A Student Government Must Work for Students
This weekend, the AMS Offices, JDUC, and Queen’s Centre were vandalized in the middle of the night with unauthorized stickers and posters produced by the Canadian Federation of Students (CFS). As a result, the Student Life Centre cancelled a booking in MacCorry today relating to the CFS Day of Action event.
Unfortunately, these disrespectful tactics are typical of the CFS.
We go to a school with a sense of community and that is respectful and inclusive of all views; we should be proud of that. By contrast, the Canadian Federation of Students consistently demonstrates hostility to any ideas that do not conform with their hard line ideology.
The mission of the AMS is to serve and represent the diversity of students at Queen’s. That requires listening to our student body and finding compromises between competing interests.
On a provincial level, it requires hard work and collaboration between schools that share similar interests on many issues despite unique circumstances. When the AMS joins our partner schools to lobby at Queen’s Park, it’s on behalf of our 17,000 undergraduates and not the narrow interests and pet projects of a privileged few.
The same cannot be said about the Canadian Federation of Students. Over the past decade, they have taken stances opposing fossil fuel development and singling out Israel for criticism. Taking stances on these kinds of divisive issues is not conducive to creating a safe space for discussion. In fact, it stifles dissenting viewpoints. Student government exists to facilitate these kind of discussions on campus, not take part in them.
We should be judged on our results, and I’m proud of the results we get when advocating for students. Over the past 6 months, we worked with Student Wellness Services to get more hours and provide better training to staff. We worked with the Library to get more study space for students. We have worked, and are continuing to work, to create a long-term plan to improve the JDUC.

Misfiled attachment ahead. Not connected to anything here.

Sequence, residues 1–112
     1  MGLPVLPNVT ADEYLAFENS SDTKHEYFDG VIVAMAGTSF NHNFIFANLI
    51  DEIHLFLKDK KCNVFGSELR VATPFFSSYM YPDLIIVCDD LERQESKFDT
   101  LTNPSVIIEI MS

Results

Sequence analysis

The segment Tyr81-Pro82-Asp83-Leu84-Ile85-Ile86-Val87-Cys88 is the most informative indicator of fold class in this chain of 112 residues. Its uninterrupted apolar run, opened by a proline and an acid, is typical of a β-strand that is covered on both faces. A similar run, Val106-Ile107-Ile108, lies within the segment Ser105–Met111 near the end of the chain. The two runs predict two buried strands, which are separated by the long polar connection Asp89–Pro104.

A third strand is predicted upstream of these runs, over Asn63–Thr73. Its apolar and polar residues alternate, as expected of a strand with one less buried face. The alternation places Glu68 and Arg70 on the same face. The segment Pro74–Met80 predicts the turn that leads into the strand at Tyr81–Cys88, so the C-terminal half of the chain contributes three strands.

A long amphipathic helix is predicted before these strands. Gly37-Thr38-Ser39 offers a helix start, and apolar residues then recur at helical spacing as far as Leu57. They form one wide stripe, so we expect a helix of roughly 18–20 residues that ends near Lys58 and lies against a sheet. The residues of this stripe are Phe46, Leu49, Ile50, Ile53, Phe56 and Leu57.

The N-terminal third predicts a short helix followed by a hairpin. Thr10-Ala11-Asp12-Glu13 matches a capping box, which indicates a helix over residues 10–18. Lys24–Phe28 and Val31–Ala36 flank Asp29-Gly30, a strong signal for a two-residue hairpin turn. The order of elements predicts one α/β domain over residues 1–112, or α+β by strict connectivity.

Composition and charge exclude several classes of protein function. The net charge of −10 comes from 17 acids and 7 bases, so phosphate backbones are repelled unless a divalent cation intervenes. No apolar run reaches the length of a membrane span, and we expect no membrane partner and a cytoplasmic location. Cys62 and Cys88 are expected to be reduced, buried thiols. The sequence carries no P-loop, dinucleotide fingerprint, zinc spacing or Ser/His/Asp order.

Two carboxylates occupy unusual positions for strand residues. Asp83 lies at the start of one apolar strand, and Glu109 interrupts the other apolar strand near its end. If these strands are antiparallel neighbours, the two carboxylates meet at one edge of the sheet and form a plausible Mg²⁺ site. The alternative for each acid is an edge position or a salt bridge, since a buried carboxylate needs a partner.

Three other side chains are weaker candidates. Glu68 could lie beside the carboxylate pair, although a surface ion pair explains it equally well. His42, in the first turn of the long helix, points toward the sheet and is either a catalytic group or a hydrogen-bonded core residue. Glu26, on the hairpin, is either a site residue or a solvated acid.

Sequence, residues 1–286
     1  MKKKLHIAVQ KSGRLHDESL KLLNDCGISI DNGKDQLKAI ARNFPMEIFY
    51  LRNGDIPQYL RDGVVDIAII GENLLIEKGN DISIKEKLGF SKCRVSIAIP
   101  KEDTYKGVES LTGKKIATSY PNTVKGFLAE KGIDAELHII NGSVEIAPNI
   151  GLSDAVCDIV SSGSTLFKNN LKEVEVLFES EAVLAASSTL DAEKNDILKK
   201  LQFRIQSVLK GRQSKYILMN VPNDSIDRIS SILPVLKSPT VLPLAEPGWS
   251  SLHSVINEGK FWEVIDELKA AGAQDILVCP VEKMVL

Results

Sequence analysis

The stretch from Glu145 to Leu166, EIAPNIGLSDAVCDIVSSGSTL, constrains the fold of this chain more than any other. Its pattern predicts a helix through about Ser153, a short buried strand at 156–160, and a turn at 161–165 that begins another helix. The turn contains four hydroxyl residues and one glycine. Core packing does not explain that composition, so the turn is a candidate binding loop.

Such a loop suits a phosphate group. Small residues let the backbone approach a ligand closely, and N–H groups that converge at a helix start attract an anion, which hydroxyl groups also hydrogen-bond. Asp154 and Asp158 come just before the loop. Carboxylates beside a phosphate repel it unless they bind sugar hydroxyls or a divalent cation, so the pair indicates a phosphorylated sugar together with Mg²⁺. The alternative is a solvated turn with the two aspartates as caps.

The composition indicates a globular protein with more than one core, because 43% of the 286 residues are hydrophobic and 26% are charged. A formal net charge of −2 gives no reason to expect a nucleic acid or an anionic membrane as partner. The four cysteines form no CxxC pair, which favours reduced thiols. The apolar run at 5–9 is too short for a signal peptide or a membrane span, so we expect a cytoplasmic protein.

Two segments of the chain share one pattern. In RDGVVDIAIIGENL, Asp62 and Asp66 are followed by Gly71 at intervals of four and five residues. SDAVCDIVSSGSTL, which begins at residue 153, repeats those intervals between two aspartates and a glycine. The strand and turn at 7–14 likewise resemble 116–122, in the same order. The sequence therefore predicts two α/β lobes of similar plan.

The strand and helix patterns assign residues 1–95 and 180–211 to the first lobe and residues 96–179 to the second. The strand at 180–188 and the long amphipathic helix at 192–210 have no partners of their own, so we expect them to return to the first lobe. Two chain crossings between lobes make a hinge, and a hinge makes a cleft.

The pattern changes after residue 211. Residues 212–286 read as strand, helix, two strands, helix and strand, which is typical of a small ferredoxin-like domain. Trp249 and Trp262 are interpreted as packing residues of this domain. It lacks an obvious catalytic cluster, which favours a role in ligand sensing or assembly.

Regrettably, the CFS values protests over policy making. Flashy rhetoric and revolutionary slogans displace the hard-work required to effect change. Their tactics are not only ineffective, they are deplorable.
Damaging the stonework of our Student Life Centre – refinished in renovations this summer – does not eliminate tuition or improve the lives of students in any way. It is, at best, a distraction, and, at worst, an act of malice toward all of our students.
We never see this level of disrespect for our University from other groups on campus. However, it is no surprise to see this behaviour from people who support an organization that sues its members when they try to leave. Over the past 25 years there have been 18 lawsuits involving schools that wanted to leave the CFS.
Just last year, the Cape Breton University Students Union was nearly forced into bankruptcy after they were required to pay the CFS $540,000 following a legal battle that lasted over half a decade. It’s tactics like this that show the CFS puts its own interests ahead of students.
When we collaborate with other student governments, Queen’s students need to come first. On this Day of Action, I ask you to remember that: you come before the AMS and its staff, or any other organization that claims to represent you.